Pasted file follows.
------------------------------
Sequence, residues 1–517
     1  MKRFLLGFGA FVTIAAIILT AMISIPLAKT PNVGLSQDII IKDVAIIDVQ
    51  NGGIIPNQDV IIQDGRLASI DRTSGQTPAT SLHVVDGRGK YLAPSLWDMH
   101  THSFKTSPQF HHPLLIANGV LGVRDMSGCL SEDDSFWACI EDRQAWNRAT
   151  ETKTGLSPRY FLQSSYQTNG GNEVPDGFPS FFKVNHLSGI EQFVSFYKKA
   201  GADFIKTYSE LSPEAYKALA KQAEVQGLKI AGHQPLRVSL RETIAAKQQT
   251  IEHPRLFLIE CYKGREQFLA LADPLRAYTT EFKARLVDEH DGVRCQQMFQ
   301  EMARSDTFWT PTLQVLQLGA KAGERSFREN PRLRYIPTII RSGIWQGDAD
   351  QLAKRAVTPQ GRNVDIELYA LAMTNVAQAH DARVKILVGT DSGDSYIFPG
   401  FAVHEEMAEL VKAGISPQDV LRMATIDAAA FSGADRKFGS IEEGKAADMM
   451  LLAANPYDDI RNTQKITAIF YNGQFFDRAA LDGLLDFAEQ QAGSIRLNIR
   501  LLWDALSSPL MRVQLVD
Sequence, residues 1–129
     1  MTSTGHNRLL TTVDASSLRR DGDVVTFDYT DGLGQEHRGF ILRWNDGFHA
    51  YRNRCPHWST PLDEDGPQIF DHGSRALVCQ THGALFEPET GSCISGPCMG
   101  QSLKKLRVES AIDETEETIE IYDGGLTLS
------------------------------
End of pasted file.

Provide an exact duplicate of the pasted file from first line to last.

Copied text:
Sequence, residues 1–517
     1  MKRFLLGFGA FVTIAAIILT AMISIPLAKT PNVGLSQDII IKDVAIIDVQ
    51  NGGIIPNQDV IIQDGRLASI DRTSGQTPAT SLHVVDGRGK YLAPSLWDMH
   101  THSFKTSPQF HHPLLIANGV LGVRDMSGCL SEDDSFWACI EDRQAWNRAT
   151  ETKTGLSPRY FLQSSYQTNG GNEVPDGFPS FFKVNHLSGI EQFVSFYKKA
   201  GADFIKTYSE LSPEAYKALA KQAEVQGLKI AGHQPLRVSL RETIAAKQQT
   251  IEHPRLFLIE CYKGREQFLA LADPLRAYTT EFKARLVDEH DGVRCQQMFQ
   301  EMARSDTFWT PTLQVLQLGA KAGERSFREN PRLRYIPTII RSGIWQGDAD
   351  QLAKRAVTPQ GRNVDIELYA LAMTNVAQAH DARVKILVGT DSGDSYIFPG
   401  FAVHEEMAEL VKAGISPQDV LRMATIDAAA FSGADRKFGS IEEGKAADMM
   451  LLAANPYDDI RNTQKITAIF YNGQFFDRAA LDGLLDFAEQ QAGSIRLNIR
   501  LLWDALSSPL MRVQLVD
Sequence, residues 1–129
     1  MTSTGHNRLL TTVDASSLRR DGDVVTFDYT DGLGQEHRGF ILRWNDGFHA
    51  YRNRCPHWST PLDEDGPQIF DHGSRALVCQ THGALFEPET GSCISGPCMG
   101  QSLKKLRVES AIDETEETIE IYDGGLTLS